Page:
The IPD would be under the aegis of the IPD Delhi High Court Rules, which are currently being developed. The original proceedings before the IPD will also be regulated by the Delhi High Court (Original Side) Rules, 2018, as well as the rules of the CPC as they apply to commercial disputes, as well as the provisions of the Commercial Courts Act, 2015. According to the office ruling, appeals filed under Section 5C of the Cinematograph Act of 1952 shall be recorded as RFA (Regular First Appeal) till the Rules are formulated.

According to the Office order dated July 07, 2021, the IPD of the Delhi High Court will handle the following matters:

  • All original and appellate proceedings, including Writ Petitions (Civil), Civil Misc. (Major), RFA, and FAO, relating to IPR disputes, except those that are to be heard by a Division Bench.
  • The IPD would also handle all new filings under the different IPR categories.
  • IPR suits, revocation applications, cancellation applications, other original proceedings, appeals from the offices of the Registrar of Trade Marks, Controller of Patents, and Copyright Registrar, and all other proceedings previously maintainable before the IPAB under the provisions of the Trade Marks Act, 1999; the Copyright Act, 1957; the Patents Act, 1970; the Designs Act, 2000; the Geographical Indications of Goods (Registration and Protection) Act, 1999; the Geographical Indications of Good.

With effect from July 08, 2021, the Roster of Sitting Judges of the Delhi High Court was amended to include Hon’ble Mr. Justice Suresh Kumar Kait, Hon’ble Mr. Justice Jayant Nath, Hon’ble Ms. Justice Anu Malhotra, Hon’ble Mr. Justice C. Hari Shankar, and Hon’ble Mr. Justice Sanjeev Narula as ‘IP Division’ nominees.

The Hon’ble Delhi High Court’s Intellectual Property Division will be responsible for considering and adjudicating all issues relating to Intellectual Property Rights. Included in this will be the following:

  • Proceedings in the original and appellate courts;
  • Petitions for Writs (civil);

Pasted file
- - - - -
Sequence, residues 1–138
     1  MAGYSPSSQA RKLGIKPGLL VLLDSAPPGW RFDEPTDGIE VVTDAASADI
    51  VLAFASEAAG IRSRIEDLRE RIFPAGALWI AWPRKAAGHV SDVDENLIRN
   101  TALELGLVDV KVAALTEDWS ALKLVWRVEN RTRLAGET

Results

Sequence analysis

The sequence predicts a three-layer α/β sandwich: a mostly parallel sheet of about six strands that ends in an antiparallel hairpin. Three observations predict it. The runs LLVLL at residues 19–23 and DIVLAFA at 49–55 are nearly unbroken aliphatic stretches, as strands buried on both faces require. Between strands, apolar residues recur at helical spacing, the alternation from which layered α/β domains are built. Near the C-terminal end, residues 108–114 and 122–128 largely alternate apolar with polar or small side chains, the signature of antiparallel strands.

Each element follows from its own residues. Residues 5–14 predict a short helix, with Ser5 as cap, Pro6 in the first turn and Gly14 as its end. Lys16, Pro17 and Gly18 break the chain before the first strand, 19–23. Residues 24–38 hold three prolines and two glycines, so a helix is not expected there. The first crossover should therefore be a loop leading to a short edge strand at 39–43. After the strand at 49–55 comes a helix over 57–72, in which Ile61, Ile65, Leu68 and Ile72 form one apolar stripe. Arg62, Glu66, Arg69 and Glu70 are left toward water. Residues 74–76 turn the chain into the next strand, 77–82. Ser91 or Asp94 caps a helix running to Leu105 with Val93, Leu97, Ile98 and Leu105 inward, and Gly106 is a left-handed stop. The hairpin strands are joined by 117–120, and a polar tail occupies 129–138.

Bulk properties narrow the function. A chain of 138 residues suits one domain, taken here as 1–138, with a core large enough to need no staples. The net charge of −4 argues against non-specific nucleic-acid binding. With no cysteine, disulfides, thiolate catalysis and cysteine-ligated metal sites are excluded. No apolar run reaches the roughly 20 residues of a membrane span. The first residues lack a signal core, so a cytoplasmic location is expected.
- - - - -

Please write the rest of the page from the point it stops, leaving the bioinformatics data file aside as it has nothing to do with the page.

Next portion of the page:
• First Appeals on a Regular Basis (RFA); First Appellate Appeal from an Order (FAO);
  • All new IPR filings in all categories;
  • Suits based on intellectual property rights;
  • Applications for Revocation;
  • Applications for cancellations;
  • Or any other appeals from the Trademark Registrar’s, Patent Controller’s, or Copyright Registrar’s offices;
  • All additional proceedings that may be brought before the former IPAB pursuant to the Trademarks, Copyrights, Patents, and Designs Act.

Parting thoughts

With the IPAB no longer in existence, the cases will be transferred to the various High Courts in Delhi, Bombay, Calcutta, and Madras depending upon their jurisdictions.

The aforesaid scenario has consequently resulted in the establishment of an Intellectual Property Division at the Delhi High Court via an Office Order dated July 7th. The IP Division is constituted of Five Judges from the Delhi High Court’s Original Side.

Things to keep in mind are:

  • The number of Judges are the same as those of Commercial Courts, which is five;
  • The Hon’ble Judges while dealing with IPR cases shall continue to hear all cases, including those involving property, arbitration, and contractual disputes.
  • The Judges’ roster will be changed on a regular basis, perhaps every six months to a year. As a result, there is no continuity beyond the term of a typical roster.

The creation of an exclusive division for Intellectual Property is a clear acknowledgement of the importance and value of intellectual property (IP) in our Economy in the recent times. As the creation of IP Division is still at its nascent stage, it is too early to deliberate on its impact on IP. The goal is that in the long run, the IP division will provide the additional certainty of fair and timely disposal of IP cases, thereby strengthening the trust of IP holders in the system and administration of IP cases in India.

The deadline to submit comments/ suggestions to the Draft IPD Rules ended on November 10, 2021.

[1] https://delhihighcourt.nic.in/writereaddata/Upload/PublicNotices/PublicNotice_5J4GUGI051K.PDF